Surely so jubilant a word, Ken mused, should be rainbow-coloured, glitter-sprinkled, flower-garlanded and audibly Hosanna-ing. Yet, rather than whooshing high into the stratosphere, it was sitting in prim silence on several successive pages of Tesco’s glossy Gift Guide. Nonetheless, he had noticed it, if only for its frequency: six sightings in the guide, so far: first, embroidered on a scatter-cushion; then blazoned on a coffee-mug and on a blue enamelled plaque; next, as three separate letters suspended from a silver chain and, one page on, interspersed with the word ‘peace’ on a roll of festive wrapping paper and, finally, the shout-line on various Christmas decorations.
And, despite the lack of garlands and glitter, those three letters seemed to him the very essence of excess. Joy was a foreign country, as far beyond simple pleasure or contentment as Mount Everest was above Box Hill. A cup of coffee in Starbucks could afford a sense of enjoyment, a new library book even induce well-being, but joy spectacularly outsoared them, comprising, as it did, elements of ecstasy and bliss.
Closing the guide, he decided to make himself a cup of tea, inspired by the polka-dotted Tesco’s teapot, with its scarlet lid and spout. Since he had never owned any sort of teapot, he resorted to his usual cheapo teabag dumped in a plain white mug and, while waiting for the kettle to boil, continued to reflect on joy. Had he ever felt it and, if so, why and when? Not for decades, certainly. There was little in his current job in the back office of a recycling centre to cause his pulse to race or his heart to flutter, and, after work, it was straight home, most nights, to his cramped and lonely flat. Even on his pub evenings, joy was hard to come by, what with the inflated price of beer, the ever-increasing decibel-count of what passed there for music, and his colleagues’ habit of rarely allowing him a word in edgeways. Fine for them to label him ‘the quiet one’, when they never gave him a chance.
He took his tea back to the kitchen table, along with a couple of digestives, ruefully aware that, if he sought joy on the biscuit front, he should replace drab, workaday digestives with chocolate-coated, cream-filled confections, sumptuously basking in gold foil. Munching his modest, no-frills biscuit, he tried transforming every bite into heavenly ambrosia – not easy, when it was dry and semi-stale.
However, he did strike gold when, still in search of joy, he began taking stock of his childhood and, suddenly, miraculously, a few long-forgotten memories exploded into life. Yes, he had felt joy, as a six-year-old, at his first sight of the sea – a sea stretching away, away, away, into a far-distant bluey mist, yet which also kept rushing forward in frantic, foamy frills, to thresh around his legs. And, five years later, when he landed his first fish off Brighton Pier, the experience had definitely been joyous. Admittedly, he’d caught only a small pout-whiting, but it was still a source of secret pride; making him almost equal to the gnarled old anglers hunkered down beside him, with their impressive hauls of plaice and dab. Then, two years on, he was fishing again, this time by the River Wey, when he had actually spotted a real live adder swimming right towards him, in a wriggly but determined manner, as if wanting to join him on the bank and whisper something mysteriously snaky into his waiting ear.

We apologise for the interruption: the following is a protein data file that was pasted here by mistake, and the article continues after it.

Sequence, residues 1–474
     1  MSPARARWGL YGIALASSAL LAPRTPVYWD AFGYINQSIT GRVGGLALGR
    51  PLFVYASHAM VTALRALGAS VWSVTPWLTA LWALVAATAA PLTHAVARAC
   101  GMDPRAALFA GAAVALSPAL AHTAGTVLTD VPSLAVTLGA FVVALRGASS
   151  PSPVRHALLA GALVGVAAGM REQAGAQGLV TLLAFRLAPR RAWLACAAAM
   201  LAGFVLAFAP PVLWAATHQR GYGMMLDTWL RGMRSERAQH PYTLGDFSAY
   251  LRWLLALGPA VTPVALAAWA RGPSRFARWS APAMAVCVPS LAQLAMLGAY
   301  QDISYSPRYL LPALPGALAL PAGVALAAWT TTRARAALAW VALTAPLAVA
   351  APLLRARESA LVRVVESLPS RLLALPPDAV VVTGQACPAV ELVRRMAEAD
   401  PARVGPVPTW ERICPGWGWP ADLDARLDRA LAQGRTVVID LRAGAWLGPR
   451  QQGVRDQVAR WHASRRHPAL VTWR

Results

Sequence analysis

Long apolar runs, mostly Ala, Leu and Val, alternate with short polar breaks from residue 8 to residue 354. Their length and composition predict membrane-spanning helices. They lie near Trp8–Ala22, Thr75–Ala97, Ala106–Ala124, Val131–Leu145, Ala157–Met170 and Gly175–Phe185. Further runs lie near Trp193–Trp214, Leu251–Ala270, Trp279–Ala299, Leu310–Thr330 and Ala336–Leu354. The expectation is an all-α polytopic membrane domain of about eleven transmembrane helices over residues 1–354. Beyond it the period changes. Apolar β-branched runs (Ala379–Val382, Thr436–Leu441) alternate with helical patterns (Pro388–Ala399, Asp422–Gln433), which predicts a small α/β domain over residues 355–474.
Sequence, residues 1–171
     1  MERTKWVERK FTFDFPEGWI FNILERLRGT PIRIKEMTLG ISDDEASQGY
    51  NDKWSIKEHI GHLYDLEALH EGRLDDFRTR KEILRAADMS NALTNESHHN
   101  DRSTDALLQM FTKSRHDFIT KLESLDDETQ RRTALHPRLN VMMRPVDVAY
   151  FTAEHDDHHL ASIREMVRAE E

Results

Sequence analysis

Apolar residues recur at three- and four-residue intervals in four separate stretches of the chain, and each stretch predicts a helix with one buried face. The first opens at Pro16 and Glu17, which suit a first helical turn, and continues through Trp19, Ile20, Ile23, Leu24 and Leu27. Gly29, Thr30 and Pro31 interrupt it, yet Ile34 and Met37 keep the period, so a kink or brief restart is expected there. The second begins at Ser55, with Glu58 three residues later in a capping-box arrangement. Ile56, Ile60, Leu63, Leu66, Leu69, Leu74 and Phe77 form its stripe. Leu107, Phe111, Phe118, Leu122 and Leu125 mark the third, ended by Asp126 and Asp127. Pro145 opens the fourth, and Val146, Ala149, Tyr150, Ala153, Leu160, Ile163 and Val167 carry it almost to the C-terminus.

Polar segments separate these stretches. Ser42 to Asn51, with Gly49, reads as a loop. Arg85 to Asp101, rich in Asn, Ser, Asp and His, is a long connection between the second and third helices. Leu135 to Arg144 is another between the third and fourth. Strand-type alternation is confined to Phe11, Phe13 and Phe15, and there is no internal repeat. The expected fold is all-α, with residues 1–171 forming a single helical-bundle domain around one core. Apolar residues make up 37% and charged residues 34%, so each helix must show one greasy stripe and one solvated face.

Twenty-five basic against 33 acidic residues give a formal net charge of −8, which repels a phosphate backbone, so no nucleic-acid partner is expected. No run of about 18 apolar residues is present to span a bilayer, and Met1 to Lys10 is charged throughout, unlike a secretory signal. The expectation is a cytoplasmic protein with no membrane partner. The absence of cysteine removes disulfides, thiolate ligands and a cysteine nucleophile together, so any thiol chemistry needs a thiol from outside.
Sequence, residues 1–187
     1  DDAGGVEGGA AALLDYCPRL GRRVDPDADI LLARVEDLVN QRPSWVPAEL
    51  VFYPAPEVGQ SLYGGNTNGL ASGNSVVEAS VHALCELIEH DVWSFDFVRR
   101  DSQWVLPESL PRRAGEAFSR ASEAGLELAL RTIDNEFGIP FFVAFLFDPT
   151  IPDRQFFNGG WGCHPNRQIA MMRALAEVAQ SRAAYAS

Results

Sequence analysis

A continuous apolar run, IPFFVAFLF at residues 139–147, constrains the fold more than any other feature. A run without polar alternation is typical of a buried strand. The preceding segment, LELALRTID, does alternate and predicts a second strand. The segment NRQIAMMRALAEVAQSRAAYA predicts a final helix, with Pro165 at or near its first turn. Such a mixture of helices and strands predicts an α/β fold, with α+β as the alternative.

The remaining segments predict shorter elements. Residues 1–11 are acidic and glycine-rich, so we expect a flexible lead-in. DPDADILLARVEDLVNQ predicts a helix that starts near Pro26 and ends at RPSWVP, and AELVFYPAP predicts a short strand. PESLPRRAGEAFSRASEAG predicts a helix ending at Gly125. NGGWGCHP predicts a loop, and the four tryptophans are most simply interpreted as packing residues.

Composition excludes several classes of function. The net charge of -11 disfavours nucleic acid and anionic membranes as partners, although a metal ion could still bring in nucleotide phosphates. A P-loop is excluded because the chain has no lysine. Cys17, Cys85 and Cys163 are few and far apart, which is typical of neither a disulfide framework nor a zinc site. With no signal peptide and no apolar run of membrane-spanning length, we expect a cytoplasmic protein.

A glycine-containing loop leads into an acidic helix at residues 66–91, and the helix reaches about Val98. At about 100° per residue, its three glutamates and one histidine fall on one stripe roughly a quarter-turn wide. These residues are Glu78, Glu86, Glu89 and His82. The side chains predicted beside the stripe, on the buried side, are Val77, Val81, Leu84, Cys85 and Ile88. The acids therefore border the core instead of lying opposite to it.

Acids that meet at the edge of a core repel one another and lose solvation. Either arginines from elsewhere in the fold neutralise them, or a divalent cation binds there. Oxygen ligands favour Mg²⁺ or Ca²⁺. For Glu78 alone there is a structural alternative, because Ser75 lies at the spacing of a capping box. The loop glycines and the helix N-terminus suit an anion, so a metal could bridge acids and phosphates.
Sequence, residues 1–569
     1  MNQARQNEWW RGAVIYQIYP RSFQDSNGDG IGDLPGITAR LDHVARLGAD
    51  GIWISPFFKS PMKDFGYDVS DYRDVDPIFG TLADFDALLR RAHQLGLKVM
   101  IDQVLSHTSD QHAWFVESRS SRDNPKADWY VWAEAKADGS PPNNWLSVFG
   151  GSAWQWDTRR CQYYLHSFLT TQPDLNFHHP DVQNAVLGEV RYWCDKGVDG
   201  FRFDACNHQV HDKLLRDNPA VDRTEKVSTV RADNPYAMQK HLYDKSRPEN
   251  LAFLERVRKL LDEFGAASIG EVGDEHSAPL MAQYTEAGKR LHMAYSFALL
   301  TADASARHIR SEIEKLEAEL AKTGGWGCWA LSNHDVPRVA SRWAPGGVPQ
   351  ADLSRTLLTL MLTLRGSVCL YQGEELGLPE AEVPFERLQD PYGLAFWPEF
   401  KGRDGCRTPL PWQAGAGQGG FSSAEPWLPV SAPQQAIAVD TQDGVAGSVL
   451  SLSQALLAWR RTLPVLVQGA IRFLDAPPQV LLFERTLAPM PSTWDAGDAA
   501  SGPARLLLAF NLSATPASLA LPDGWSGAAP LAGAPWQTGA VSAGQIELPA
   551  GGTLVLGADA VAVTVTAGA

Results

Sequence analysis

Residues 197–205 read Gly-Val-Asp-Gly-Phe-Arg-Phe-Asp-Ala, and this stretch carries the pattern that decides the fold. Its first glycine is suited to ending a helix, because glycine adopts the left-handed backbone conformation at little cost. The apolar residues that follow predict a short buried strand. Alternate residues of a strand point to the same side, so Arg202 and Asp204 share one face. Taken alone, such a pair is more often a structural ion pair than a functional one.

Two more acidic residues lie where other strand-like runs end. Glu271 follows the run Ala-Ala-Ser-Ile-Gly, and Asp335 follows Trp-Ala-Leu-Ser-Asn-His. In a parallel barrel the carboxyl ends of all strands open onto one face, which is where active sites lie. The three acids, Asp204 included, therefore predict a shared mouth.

But, after that, joy had seemed to vanish. Adolescence brought bashfulness and blushes, acne outbreaks and a new, treacherous voice that kept plunging disconcertingly from baritone to squeak. As for girls, humiliation had been more the general theme than any sort of bliss. And, as the years rolled on and somehow he’d reached fifty-five, still with scant success, it was clear that he had ‘missed the boat’, to use his sister Tessa’s phrase. Tessa, in contrast, was happily married with a brood of kids and grandkids, and a husband so faithful and attentive, he resembled a soppy but devoted Labrador.
On impulse, he grabbed his mobile and, after the usual dutiful preliminary enquiries about the health of her numerous tribe, put the crucial question: had she ever experienced joy?
‘Joy?’ she repeated, sounding a little nonplussed.
‘Yes, joy, the real McCoy – it even rhymes, you see! I’m not talking about run-of-the-mill contentment, but something more akin to rapture.’
‘Oh, I see. Yes, definitely!’